The Cinema Therapy Newsletter
Aug. 13, 2005
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New book announcement: The new book by Gary Solomon through Coyote Press' Cinemaparenting, uses movies to teach children and aid parents with important lessons. This book contains 110 movies to draw from. Here is an interview with the author.
E-Motion Picture Magic has sold out three times now on Bookspan/Behavioral Science Book Club. One of the readers wrote this e-mail:
"…I have gained insights through film watching am applying your principles. They resonate well with me and have already helped me understand a few things that I can apply to my life. Books, movies, people, have always come to me in my life when I needed them to help me understand something. Your book came at a moment when I was searching for some answers. I am still searching (and probably will always be) but feel stronger now…"
For mental health practitioners:
Cinema Alchemy – Using the Power of Movies for the Therapeutic Process. This is a continuing education workshop at John F. Kennedy University.
COURSE DESCRIPTION : The practice of using movies as tools in therapy, in conjunction with established therapeutic methods, is becoming more popular. Used thoughtfully and creatively, the emotional and cognitive impacts of films can become a powerful ally in our work. Participants will learn: how a film experience can be utilized therapeutically with individuals, couples, families and groups; Cinema Alchemy techniques; what guidelines to give to clients; what limitations to be aware of. This presentation will include movie clips, case material, demonstrations, and participatory exercises.
DATE & TIME: Sat. Aug. 27, 2005, 9 a.m. - 5 p.m.
LOCATION: at John F. Kennedy University,100 Ellinwood Way, Pleasant Hill, CA
FEE: $145 -- 7 CEU can be earned.
CONTACT: Office of Continuing Education at John F. Kennedy University at (800) 557-1384, (925)969-3150, or on-line: email@example.com
Five-day Cinema Alchemy Workshop at Hollyhock for everybody:
Cinema Alchemy – Using the Power of Movies for Healing and Transformation
DATE & TIME: Sept. 16-21, 2005
LOCATION: Hollyhock, Manson's Landing Cortes Island, British Columbia, Canada
FEE: $396 US, $475 CDN (meals and accommodation extra), 5 nights
CONTACT: (800) 933-6339 or (250) 935-6576 (outside North America) Fax: (250) 935-6424; PO Box 127 Manson's Landing, Cortes Island B.C. Canada; Email: firstname.lastname@example.org Web site: hollyhock.ca For more details see www.cinemaalchemy.com
Coming in September:
Singles Cinema Salon - Entertaining Your Spirit on the boat The Creative Spirit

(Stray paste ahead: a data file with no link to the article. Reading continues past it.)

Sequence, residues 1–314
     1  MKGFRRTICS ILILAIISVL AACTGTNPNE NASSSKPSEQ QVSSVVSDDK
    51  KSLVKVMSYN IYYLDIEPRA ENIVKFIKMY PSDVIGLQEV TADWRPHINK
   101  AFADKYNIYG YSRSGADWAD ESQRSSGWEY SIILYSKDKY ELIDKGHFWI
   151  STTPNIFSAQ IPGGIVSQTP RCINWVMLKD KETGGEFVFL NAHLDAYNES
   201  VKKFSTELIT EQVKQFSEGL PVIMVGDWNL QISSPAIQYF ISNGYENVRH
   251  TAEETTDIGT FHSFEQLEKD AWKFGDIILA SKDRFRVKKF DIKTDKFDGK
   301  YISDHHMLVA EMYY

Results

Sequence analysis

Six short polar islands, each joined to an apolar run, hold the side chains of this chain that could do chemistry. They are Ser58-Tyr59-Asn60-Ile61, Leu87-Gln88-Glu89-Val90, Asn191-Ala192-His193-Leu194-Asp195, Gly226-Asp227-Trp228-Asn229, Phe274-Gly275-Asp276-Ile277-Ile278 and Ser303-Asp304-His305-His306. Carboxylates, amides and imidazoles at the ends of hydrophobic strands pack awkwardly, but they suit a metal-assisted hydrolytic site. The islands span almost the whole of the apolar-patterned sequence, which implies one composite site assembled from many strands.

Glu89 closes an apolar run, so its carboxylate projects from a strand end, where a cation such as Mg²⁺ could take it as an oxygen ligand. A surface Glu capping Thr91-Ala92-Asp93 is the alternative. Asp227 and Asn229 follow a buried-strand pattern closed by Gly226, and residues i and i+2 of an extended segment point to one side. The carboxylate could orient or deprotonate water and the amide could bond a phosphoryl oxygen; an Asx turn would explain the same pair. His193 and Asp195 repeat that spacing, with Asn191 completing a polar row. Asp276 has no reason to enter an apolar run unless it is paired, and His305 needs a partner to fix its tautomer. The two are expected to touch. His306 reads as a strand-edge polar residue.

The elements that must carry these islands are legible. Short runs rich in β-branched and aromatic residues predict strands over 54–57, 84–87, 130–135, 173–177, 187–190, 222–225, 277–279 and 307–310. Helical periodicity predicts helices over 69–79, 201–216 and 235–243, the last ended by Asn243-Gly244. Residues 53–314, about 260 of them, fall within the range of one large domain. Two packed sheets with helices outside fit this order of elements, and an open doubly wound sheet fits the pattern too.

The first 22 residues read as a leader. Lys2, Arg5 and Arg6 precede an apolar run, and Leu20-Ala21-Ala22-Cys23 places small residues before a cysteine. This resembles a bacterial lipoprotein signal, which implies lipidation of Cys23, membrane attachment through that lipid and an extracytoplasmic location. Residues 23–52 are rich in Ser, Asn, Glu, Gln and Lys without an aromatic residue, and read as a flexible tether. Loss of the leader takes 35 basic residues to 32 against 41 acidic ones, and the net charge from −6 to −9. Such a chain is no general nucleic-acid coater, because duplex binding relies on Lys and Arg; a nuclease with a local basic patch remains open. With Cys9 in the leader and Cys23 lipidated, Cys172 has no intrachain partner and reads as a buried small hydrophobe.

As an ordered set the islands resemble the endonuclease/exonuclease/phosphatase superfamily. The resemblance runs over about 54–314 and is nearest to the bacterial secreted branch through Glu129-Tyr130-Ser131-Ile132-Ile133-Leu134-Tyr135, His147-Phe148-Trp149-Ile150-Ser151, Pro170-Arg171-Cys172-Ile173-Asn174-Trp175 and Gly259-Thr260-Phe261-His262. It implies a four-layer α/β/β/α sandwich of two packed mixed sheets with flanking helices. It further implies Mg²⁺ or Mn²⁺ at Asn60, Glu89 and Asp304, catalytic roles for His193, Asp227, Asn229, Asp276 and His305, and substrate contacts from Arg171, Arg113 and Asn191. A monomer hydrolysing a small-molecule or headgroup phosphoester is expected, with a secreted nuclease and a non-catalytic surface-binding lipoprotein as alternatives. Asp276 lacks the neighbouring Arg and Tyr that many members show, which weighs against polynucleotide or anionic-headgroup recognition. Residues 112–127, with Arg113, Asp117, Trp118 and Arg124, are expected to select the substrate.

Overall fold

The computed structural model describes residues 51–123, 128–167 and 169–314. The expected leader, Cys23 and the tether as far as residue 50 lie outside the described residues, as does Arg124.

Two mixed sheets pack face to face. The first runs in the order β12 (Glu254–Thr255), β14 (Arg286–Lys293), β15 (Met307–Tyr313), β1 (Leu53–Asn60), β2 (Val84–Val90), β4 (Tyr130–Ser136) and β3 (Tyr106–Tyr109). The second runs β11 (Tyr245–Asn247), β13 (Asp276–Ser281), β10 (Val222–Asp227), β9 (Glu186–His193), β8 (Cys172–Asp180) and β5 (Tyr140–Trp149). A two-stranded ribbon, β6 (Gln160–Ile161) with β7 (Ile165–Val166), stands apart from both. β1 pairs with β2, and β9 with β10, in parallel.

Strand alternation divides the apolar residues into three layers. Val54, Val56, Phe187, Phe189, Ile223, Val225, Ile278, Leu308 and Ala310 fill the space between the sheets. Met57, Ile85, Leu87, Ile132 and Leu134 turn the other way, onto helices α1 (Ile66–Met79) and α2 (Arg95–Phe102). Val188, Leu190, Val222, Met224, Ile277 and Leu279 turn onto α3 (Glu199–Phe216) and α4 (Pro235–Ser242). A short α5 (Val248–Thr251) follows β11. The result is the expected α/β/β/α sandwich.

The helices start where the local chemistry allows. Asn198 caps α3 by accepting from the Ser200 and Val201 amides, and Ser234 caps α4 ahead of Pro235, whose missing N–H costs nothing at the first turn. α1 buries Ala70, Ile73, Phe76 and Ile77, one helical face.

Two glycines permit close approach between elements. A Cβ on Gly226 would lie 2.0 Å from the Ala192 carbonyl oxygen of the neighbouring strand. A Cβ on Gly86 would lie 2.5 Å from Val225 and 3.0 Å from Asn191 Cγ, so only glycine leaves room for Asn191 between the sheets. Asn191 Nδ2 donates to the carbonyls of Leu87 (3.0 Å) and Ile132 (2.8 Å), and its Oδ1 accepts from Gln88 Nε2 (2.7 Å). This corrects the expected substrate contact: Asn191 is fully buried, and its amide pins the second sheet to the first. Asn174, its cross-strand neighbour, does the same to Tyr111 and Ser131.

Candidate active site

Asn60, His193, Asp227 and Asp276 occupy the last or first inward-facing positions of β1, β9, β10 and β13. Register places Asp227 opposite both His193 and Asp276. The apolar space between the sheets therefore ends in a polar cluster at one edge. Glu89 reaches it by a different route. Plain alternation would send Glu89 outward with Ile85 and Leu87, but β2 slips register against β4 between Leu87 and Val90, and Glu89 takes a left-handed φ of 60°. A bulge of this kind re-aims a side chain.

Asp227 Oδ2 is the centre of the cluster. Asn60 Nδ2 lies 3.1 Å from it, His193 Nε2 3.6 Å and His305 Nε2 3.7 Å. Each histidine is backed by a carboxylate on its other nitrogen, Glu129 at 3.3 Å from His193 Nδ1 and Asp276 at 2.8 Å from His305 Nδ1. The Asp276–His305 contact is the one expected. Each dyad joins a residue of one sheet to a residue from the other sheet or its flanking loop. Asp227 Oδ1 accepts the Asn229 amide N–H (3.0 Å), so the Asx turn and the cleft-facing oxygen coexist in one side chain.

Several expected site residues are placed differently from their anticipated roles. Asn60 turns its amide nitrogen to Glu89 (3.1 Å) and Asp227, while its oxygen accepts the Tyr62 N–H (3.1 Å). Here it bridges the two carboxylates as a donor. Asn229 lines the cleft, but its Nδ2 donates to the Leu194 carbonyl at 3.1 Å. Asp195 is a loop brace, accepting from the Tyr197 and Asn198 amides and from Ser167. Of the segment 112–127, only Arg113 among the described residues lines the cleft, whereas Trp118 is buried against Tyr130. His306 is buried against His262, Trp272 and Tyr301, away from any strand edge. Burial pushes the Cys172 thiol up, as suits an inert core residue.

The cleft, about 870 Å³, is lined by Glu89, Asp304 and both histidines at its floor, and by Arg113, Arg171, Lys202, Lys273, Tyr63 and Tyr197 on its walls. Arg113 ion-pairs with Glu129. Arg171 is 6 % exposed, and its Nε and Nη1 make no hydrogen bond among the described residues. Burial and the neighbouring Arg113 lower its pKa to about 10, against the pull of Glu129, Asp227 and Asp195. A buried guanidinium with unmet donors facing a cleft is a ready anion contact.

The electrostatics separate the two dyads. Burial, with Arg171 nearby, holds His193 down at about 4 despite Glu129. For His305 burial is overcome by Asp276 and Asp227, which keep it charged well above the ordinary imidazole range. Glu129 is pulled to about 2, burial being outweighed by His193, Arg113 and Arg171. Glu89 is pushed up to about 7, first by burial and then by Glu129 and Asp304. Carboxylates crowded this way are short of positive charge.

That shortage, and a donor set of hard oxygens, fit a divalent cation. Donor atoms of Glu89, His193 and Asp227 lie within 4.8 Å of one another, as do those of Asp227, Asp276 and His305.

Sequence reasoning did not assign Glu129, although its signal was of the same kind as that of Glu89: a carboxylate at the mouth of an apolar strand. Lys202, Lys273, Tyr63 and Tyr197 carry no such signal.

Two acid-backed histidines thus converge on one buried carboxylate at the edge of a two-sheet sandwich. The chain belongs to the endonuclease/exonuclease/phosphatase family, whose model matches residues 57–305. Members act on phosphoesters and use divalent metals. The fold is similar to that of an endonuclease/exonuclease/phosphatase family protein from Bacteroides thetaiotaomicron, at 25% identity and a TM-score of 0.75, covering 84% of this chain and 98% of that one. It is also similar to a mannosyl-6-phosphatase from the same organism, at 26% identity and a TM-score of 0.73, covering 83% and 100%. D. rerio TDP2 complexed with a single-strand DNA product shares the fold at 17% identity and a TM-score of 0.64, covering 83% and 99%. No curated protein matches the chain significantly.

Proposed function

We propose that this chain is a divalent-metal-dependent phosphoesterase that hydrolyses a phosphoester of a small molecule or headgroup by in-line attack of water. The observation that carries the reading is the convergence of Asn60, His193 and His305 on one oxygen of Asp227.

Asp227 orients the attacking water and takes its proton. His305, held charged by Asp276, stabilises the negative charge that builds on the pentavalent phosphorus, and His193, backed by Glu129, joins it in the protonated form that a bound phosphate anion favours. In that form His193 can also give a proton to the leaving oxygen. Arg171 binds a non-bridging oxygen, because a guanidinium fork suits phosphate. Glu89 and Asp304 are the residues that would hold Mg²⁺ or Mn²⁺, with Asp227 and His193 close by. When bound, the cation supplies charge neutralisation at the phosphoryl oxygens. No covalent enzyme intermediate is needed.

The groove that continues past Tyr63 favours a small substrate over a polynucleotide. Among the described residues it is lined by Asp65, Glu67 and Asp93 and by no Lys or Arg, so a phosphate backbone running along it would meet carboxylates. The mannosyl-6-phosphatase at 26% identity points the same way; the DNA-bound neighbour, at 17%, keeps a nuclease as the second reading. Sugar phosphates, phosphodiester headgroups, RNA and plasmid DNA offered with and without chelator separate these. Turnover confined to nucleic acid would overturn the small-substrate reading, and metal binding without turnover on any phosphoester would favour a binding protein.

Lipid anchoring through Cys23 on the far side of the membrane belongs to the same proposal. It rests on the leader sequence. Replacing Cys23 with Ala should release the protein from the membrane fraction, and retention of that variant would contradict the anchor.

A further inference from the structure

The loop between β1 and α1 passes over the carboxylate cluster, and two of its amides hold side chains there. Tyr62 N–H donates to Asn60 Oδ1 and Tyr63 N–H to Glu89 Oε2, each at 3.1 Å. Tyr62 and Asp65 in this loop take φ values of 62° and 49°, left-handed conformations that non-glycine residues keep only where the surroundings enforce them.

Cinema Therapists Birgit Wolz and Shoshanna April are planning special evenings of films and shorts that uplift and inspire. After viewing the films there will be experiential exercises and discussion from the heart and soul that will provoke participants to share from their core self, which connects them with their authenticity and allows singles to really get to know each other with ease and grace.
This workshop provides a safe and open venue that cuts through singles' often-meaningless chitchat and exposes their true nature, which is real and refreshing.
The films and movie clips are carefully chosen from the film collection of the Spiritual Cinema Circle. Inspirational commercial movies or segments of these films may be chosen too. Participants will be introduced to the process of watching movies with conscious awareness before they watch.
After viewing an inspirational film, participants will be guided through an experiential process that supports their essential and spiritual nature. Films and exercises will have relevant themes like:
- Courage to open up and be vulnerable
- Personal transformation
- Relationship as a vehicle for growth
- Starting over after separation or death
PLACE: on the boat The Creative Spirit docked in Sausalito, California.
DATE AND TIME: to be announced on www.cinemaalchemy.com.
FOR RESERVATION AND MORE INFO: call Shoshanna at 510-502-4164.
Cinema Therapy at the university:
For the first time to my knowledge, Cinema Therapy was taught as an elective class at the university level. In July I taught a one unit class: Cinema Alchemy – Using the Power of Movies for the Therapeutic Process at the department of Holistic Studies of John F. Kennedy University in Campbell, California. The class was very well received by the Counseling Psychology graduate students. They repeatedly commented that it "makes so much sense to use the movie in the therapeutic process." The chair of the department of Holistic Studies was so pleased with the students' responses that she immediately invited me back to teach the class again.